Choosing the Best Volatility Models:The Model Confidence Set Approach
AbstractThis paper applies the model confidence sets (MCS) procedure to a set of volatility models. A MSC is analogous to a confidence interval of parameter in the sense that the former contains the best forecasting model with a certain probability. The key to the MCS is that it acknowledges the limitations of the information in the data. The empirical exercise is based on fifty-five volatility models, and the MCS includes about a third of these when evaluated by mean square error, whereas the MCS contains only a VGARCH model when mean absolute deviation criterion is used. We conduct a simulation study that shows the MCS captures the superior models across a range of significance levels. When we benchmark the MCS relative to a Bonferroni bound, this bound delivers inferior performance.
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Bibliographic InfoPaper provided by Brown University, Department of Economics in its series Working Papers with number 2003-05.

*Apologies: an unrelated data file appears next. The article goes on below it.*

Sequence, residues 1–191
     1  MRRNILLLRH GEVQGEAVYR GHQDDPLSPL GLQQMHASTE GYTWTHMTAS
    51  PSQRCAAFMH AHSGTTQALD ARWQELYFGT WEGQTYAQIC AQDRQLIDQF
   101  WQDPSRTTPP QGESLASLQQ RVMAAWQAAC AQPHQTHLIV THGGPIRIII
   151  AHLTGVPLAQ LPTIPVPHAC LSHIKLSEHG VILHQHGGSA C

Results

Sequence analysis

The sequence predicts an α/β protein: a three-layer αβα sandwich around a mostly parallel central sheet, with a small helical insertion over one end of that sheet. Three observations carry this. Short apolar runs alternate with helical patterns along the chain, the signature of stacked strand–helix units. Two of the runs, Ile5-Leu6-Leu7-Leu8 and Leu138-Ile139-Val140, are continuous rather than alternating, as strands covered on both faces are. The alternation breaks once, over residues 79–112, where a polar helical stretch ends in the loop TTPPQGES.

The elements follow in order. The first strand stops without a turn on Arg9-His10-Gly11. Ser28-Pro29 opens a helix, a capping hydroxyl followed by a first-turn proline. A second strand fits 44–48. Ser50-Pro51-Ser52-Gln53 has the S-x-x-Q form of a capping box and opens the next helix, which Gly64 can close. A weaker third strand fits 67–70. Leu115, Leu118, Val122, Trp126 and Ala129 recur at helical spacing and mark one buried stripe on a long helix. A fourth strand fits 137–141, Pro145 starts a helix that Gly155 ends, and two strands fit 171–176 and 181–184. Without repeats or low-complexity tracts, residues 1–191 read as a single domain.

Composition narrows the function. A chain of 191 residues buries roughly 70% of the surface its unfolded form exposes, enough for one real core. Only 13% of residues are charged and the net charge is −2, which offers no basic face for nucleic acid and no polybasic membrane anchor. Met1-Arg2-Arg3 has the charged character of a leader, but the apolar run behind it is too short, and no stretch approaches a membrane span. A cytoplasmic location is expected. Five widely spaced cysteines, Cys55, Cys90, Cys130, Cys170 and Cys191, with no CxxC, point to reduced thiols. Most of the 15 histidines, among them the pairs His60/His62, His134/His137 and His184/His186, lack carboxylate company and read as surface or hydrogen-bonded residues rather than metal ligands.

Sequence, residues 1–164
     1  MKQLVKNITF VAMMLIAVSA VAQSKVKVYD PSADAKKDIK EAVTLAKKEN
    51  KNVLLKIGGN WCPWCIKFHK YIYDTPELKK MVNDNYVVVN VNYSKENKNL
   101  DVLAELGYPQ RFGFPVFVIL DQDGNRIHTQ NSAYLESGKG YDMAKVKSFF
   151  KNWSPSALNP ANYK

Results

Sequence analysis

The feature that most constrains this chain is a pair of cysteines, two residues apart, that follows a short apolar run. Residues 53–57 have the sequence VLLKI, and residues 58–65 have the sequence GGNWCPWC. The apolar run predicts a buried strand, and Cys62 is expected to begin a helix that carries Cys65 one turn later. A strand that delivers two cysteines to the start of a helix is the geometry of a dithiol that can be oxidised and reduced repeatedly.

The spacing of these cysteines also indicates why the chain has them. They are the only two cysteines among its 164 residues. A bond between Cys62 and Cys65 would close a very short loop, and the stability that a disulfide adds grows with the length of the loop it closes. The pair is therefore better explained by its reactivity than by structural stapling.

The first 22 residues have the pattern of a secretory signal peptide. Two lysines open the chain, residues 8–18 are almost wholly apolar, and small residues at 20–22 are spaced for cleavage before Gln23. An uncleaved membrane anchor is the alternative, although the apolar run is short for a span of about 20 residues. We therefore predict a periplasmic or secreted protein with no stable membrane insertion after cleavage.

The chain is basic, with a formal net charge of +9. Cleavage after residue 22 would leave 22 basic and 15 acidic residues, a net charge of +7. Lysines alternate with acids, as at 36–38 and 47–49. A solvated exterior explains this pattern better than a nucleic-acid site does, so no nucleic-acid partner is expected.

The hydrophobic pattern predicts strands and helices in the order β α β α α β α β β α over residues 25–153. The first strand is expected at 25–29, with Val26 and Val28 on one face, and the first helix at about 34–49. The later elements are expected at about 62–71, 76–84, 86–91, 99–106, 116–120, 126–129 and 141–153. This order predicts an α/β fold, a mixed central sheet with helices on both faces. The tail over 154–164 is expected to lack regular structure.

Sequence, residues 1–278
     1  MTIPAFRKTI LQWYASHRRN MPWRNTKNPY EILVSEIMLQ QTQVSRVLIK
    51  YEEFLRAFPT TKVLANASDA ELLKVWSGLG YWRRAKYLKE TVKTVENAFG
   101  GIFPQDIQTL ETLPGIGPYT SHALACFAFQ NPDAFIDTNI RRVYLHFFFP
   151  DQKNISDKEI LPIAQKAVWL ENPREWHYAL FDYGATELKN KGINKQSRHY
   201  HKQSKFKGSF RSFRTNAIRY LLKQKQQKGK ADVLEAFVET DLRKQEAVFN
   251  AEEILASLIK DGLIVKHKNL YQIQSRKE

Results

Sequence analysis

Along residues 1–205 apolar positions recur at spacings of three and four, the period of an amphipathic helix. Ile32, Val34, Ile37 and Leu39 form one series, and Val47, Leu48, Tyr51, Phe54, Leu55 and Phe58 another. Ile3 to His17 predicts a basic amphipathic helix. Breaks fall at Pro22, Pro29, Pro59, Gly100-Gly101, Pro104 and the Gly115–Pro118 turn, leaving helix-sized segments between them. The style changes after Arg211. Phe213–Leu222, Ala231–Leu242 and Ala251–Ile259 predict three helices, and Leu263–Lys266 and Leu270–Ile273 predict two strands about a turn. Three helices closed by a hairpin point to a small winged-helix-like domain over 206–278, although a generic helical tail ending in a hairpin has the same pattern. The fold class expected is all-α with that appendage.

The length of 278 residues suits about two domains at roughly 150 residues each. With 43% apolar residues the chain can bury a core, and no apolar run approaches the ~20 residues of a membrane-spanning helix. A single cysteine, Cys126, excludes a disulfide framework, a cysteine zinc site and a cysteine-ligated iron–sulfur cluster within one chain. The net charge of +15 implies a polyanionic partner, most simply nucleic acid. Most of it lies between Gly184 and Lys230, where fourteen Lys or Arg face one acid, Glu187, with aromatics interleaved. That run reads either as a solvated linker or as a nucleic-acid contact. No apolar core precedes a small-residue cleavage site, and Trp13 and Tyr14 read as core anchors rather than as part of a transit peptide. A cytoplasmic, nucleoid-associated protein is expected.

Date of creation: 2003
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Postal: Department of Economics, Brown University, Providence, RI 02912
Other versions of this item:
- Peter Reinhard Hansen & Asger Lunde & James M. Nason, 2003. "Choosing the Best Volatility Models: The Model Confidence Set Approach," Oxford Bulletin of Economics and Statistics, Department of Economics, University of Oxford, vol. 65(s1), pages 839-861, December.
- Peter Reinhard Hansen & Asger Lunde & James M. Nason, 2003. "Choosing the best volatility models: the model confidence set approach," Working Paper 2003-28, Federal Reserve Bank of Atlanta.
- NEP-ALL-2003-04-27 (All new papers)
- NEP-ECM-2003-05-15 (Econometrics)
- NEP-ETS-2003-04-27 (Econometric Time Series)
- NEP-FIN-2003-04-27 (Finance)
- NEP-RMG-2003-04-27 (Risk Management)
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